Photo of the candidate courtesy Chris Wilhelm.

Why are you running for County Council?

I am running for office because I hope to address some of the misconceptions about Montgomery County. We’re often depicted as a model county, where the streets are paved with gold and our elected officials are always leading the way with progressive policies.

The reality couldn’t be further from the truth. We have 55,000 students on free and reduced lunch in Montgomery County Public Schools. We recently discovered lead in the drinking water of a Gaithersburg elementary school. Many of our residents are working two jobs and can still barely afford to pay their rent.

I am running for an at-large seat on the County Council because I think we need to think carefully about how our policies affect working families. I am running in this election because I want to demonstrate the power of organized people over big money.

What are your qualifications for the position?

The most effective councilmembers understand the mechanics of excellent constituent service, and they know how to work with community members to build support for their policy goals. I have direct experience in constituent service as a former staffer for local Democrats like Jamie Raskin, and I’ve engaged in the council budget process while working as an organizer with IMPACT Silver Spring. I am currently a high school ESOL teacher and have worked first hand with the students and families that are underserved and underrepresented in county politics.

Are you using public financing, yes or no? If yes, have you qualified for matching funds?

Yes, I am proud to be using public financing and have qualified for matching funds.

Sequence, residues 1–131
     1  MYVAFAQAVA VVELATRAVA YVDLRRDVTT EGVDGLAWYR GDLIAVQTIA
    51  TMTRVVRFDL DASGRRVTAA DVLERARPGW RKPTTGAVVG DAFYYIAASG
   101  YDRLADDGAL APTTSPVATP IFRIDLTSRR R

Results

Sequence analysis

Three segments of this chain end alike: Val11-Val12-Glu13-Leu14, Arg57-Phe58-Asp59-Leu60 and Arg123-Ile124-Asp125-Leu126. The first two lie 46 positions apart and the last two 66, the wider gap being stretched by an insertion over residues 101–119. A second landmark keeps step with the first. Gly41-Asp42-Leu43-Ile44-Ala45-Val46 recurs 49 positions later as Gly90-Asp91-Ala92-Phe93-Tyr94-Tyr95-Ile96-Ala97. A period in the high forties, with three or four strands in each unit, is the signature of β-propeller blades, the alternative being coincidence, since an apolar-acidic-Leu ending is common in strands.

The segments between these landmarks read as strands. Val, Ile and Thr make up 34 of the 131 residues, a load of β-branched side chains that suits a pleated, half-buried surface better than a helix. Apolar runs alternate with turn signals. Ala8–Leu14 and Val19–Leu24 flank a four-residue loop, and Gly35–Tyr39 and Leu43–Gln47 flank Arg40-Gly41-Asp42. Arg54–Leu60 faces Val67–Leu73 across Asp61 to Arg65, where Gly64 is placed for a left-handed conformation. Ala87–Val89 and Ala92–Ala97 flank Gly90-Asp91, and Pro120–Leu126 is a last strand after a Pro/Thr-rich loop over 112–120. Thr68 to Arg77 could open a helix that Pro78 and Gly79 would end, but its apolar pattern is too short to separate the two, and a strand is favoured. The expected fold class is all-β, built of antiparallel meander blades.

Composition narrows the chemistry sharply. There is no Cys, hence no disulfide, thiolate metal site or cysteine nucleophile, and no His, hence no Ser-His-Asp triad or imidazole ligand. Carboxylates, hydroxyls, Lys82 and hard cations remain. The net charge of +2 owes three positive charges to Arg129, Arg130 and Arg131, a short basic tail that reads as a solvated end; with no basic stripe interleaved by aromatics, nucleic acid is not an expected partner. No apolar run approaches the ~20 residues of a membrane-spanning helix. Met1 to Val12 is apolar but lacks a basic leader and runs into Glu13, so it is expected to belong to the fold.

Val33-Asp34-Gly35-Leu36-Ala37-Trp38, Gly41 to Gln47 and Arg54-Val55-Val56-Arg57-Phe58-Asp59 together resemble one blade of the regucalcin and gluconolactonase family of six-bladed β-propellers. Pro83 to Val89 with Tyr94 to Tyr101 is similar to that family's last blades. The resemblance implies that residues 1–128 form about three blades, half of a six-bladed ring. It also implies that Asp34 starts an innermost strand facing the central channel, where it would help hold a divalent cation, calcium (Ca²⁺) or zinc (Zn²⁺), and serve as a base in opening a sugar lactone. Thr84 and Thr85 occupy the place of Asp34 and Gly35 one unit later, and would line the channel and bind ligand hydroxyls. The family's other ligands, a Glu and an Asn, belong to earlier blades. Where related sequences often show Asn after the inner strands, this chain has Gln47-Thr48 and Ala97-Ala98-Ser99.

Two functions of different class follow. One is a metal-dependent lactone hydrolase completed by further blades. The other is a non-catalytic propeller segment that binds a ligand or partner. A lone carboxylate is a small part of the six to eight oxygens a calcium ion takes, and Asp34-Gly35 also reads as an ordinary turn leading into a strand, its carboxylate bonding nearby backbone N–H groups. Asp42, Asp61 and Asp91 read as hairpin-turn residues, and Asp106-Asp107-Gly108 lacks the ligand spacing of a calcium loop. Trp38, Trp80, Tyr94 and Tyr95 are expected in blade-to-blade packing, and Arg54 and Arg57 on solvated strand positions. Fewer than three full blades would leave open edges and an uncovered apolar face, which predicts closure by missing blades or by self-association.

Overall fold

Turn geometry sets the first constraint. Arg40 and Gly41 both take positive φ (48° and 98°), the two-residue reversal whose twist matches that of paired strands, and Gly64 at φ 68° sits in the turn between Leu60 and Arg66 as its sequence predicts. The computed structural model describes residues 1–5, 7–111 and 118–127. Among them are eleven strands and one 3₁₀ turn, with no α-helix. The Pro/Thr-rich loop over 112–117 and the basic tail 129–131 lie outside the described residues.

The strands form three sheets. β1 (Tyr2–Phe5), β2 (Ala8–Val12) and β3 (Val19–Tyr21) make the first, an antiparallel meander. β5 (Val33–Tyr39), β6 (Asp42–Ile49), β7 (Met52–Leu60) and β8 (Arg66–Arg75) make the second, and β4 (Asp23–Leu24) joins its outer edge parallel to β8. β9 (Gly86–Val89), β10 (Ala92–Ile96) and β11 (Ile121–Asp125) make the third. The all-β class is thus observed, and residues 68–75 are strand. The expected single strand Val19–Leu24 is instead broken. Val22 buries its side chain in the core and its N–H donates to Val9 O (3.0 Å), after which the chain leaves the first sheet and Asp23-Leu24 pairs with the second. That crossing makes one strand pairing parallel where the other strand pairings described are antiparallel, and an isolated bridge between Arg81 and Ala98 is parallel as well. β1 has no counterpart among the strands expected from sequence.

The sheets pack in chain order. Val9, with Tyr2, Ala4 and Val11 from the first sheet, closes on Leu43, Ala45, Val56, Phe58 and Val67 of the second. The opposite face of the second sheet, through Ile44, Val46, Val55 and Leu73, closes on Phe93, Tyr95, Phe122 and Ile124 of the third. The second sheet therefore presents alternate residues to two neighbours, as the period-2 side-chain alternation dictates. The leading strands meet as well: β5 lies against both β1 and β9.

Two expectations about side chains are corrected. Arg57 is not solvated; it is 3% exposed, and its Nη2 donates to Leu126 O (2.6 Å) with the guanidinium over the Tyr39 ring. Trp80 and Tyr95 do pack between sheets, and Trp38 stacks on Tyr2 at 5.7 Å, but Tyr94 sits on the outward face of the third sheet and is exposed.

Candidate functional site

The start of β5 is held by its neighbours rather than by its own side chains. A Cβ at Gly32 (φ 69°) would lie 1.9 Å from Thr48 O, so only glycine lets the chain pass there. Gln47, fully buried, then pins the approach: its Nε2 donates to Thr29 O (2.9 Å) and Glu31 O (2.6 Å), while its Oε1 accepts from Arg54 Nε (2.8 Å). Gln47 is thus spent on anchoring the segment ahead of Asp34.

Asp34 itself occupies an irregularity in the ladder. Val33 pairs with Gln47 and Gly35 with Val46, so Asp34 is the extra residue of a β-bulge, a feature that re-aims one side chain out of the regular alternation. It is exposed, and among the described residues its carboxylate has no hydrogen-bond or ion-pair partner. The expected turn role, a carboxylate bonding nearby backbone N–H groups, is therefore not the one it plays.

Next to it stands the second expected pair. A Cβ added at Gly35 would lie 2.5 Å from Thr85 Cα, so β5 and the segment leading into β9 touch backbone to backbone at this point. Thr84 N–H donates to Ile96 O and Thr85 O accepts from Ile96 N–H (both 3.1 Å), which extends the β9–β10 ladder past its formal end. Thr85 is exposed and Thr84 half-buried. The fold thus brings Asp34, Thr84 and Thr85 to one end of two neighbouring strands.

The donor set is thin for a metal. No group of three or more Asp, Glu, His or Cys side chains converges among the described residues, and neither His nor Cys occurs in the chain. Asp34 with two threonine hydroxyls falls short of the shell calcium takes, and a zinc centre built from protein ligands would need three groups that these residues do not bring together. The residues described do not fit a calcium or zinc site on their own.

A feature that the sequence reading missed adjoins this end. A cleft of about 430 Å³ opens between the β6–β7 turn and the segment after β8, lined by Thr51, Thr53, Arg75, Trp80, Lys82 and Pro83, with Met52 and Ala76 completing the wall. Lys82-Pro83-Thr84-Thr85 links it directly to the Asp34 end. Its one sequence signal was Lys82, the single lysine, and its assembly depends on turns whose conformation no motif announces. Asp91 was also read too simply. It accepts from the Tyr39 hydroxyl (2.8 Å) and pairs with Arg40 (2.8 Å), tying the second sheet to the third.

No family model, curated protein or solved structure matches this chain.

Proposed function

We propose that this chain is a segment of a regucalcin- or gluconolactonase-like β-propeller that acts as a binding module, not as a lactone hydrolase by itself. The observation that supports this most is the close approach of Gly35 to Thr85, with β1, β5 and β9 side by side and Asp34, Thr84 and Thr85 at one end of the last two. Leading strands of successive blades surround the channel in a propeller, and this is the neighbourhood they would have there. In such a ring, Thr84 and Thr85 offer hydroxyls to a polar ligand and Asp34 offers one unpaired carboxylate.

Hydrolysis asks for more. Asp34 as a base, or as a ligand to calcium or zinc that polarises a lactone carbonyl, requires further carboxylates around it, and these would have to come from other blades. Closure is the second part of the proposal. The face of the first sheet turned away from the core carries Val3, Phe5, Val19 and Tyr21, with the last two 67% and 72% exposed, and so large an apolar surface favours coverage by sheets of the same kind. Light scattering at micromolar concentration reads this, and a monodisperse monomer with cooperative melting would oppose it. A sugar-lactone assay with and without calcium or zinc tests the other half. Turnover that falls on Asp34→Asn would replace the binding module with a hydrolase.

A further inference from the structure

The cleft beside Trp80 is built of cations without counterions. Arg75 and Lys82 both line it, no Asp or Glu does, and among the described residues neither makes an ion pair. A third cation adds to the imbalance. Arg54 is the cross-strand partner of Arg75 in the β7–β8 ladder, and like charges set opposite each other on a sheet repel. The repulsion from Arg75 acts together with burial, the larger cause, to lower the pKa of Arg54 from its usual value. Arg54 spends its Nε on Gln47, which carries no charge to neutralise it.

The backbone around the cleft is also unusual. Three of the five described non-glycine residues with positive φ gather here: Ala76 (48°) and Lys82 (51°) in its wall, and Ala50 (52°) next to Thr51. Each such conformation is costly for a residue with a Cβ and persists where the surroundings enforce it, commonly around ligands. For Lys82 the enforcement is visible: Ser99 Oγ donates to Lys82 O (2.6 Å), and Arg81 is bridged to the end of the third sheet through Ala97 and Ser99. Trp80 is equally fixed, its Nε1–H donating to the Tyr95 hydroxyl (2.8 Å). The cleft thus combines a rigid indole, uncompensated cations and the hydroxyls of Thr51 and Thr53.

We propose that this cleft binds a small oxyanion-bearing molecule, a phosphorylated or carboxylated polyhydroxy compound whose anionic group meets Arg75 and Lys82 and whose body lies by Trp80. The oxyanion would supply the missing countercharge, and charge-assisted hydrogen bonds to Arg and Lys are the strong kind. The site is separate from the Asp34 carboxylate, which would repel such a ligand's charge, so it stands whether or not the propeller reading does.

What specific policies and/or programs would you propose to expand the county’s tax base?

The county must do everything it can to protect and support small and medium-sized businesses, which are the main drivers of job creation. This means putting real measures in place to enable current businesses to survive and benefit from redevelopment in areas like Wheaton, Bethesda and downtown Silver Spring; businesses are not using the current system because of extreme compliance requirements.

I hope to grow the county’s tax base by investing in local anchor institutions like Montgomery College or hospitals, instead of large corporations like Discovery that might leave us.

I’m an average voter, interested in doing my civic duty but not an avid follower of county politics. Convince me that I should vote for you over all the other candidates.

There are many people running in this election with similar platforms but there are very few candidates willing to admit that Montgomery County doesn’t work for all of its residents, especially working families. We have a lot of work to do if we want to maintain our status as an open and welcoming place for all.

I’ve received the endorsement of the Montgomery County Education Association, NNOC/National Nurses United, LiUNA’s Mid-Atlantic Region, UFCW Local 1994 MCGEO, Progressive Maryland, Metro DC DSA, Progressive Neighbors, and the Montgomery County Green Democrats among others. All of these groups endorsed me because they realize it’s important to have a member of the County Council that is willing to bring a critical lens to our policies and priorities.

Chris Wilhelm is an ESOL teacher at Northwood High School. He is proud to be a lifelong resident of Montgomery County: he grew up in Silver Spring, and graduated from Montgomery Blair High School. He received his degree from the University of Maryland, after working as a field organizer for Barack Obama in 2008.

Over the past 10 years he has served his community as a staffer for state Del. David Moon, a legislative aide for U.S. Rep. Jamie Raskin, and an activist at IMPACT Silver Spring. He has coached youth soccer and basketball, and is a rabid Maryland basketball fan.

Mike Diegel